Cited by 3 | PDF Full-text (163 KB) | HTML Full-text | XML Full-text
Abstract
A more complete understanding of the Dalai Lama’s intellectual milieu and mental framework serves to contextualize and appraise his contributions to the discourse on Buddhism and Science in general, and the so-called Mind and Life Dialogues in particular. In addition to providing indispensable
[...] Read more.
A more complete understanding of the Dalai Lama’s intellectual milieu and mental framework serves to contextualize and appraise his contributions to the discourse on Buddhism and Science in general, and the so-called Mind and Life Dialogues in particular. In addition to providing indispensable background information, a fuller expression of his foundational views and motives sheds light upon the idiosyncratic way the Dalai Lama engages new fields of knowledge. Thanks to the Dialogues’ format and the transparency of the Dalai Lama’s scholastic mentality, the way in which Mind and Life participants meet various challenges in practice offers enough traction to retrieve and critically appraise real-time patterns of engagement and innovation. This should prove to be instrumental in determining the Dialogues’ measure of success, at least by its own standards and stated purpose. Following this approach, the Dalai Lama’s long-time use of a proviso derived from Tsongkhapa’s reading of Middle Way philosophy as a methodological distinction that delineates the scope of Science warrants specific attention. Full article
(This article belongs to the Special Issue Science and Religion: Buddhist and Hindu Perspectives)
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Open AccessArticle From Sadness to Madness: Tibetan Perspectives on the Causation and Treatment of Psychiatric Illness
Religions 2014, 5(2), 444-458; doi:10.3390/rel5020444
Received: 9 April 2014 / Revised: 7 May 2014 / Accepted: 8 May 2014 / Published: 15 May 2014
PDF Full-text (138 KB) | HTML Full-text | XML Full-text
Abstract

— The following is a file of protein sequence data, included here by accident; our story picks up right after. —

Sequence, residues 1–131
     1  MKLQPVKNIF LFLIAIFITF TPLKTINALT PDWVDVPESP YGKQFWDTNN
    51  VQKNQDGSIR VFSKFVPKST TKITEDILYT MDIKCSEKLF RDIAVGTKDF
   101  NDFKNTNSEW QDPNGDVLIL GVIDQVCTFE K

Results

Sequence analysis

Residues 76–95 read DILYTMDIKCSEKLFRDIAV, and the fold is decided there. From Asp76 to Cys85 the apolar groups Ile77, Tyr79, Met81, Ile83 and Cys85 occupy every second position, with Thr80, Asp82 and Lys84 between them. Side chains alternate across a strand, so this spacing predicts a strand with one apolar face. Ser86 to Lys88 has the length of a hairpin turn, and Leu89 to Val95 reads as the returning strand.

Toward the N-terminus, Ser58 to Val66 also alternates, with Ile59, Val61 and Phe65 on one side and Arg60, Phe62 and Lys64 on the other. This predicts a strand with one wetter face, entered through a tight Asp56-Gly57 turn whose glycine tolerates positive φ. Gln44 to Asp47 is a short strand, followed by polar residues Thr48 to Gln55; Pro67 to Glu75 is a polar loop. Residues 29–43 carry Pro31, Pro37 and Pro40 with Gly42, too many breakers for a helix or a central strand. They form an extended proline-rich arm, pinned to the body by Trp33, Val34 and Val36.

Buddhist-derived “mindfulness” practices are currently enjoying popularity amongst both the lay population and health professionals in the West, especially in the treatment of psychiatric conditions such as depression. This popularity leads to questions regarding how people in diverse Buddhist communities might conceptualise psychiatric
[...] Read more.
Buddhist-derived “mindfulness” practices are currently enjoying popularity amongst both the lay population and health professionals in the West, especially in the treatment of psychiatric conditions such as depression. This popularity leads to questions regarding how people in diverse Buddhist communities might conceptualise psychiatric illness and healing. This paper explores perspectives on psychiatric illness within a Tibetan Buddhist community in North India, focusing on the role of “emotions” in causation and treatment which was frequently discussed by informants. Comparisons between biomedical perspectives on emotional “disturbance” as a symptom of psychiatric illness and Tibetan conceptions of emotions as causal or contributory factors in a number of psychiatric illnesses are discussed. Three case studies are described to illustrate some of these common perspectives, examine how they are reflected in health-seeking behavior, and consider comparisons between the two systems. Full article
(This article belongs to the Special Issue Science and Religion: Buddhist and Hindu Perspectives)
Open AccessArticle Buddhist Mind and Matter
Religions 2014, 5(2), 422-434; doi:10.3390/rel5020422
Received: 3 March 2014 / Revised: 2 April 2014 / Accepted: 10 April 2014 / Published: 16 April 2014
Cited by 1 | PDF Full-text (192 KB) | HTML Full-text | XML Full-text
Abstract
Classic Buddhist thought understands the mind as arising in dependence on the body. This causal dependence may be fashioned as a kind of “Buddhist materialism”. However, this should not be confused with any variety of scientific materialism, in which ontological and/or causal reductions
[...] Read more.
Classic Buddhist thought understands the mind as arising in dependence on the body. This causal dependence may be fashioned as a kind of “Buddhist materialism”. However, this should not be confused with any variety of scientific materialism, in which ontological and/or causal reductions of mind to brain affirm matter as the fundamental entity or property. Buddhist materialism, in contrast, is a purely phenomenological description that rejects both “mind” and “matter” as entities possessing substance or essential natures. This view questions the presumption that matter is external, real, and scientifically accessible, whereas mind is internal, subjective, and harder to empirically observe. Instead, perceptions of mind and matter are understood to be different kinds of experiences of equal phenomenological reality. Full article
(This article belongs to the Special Issue Science and Religion: Buddhist and Hindu Perspectives)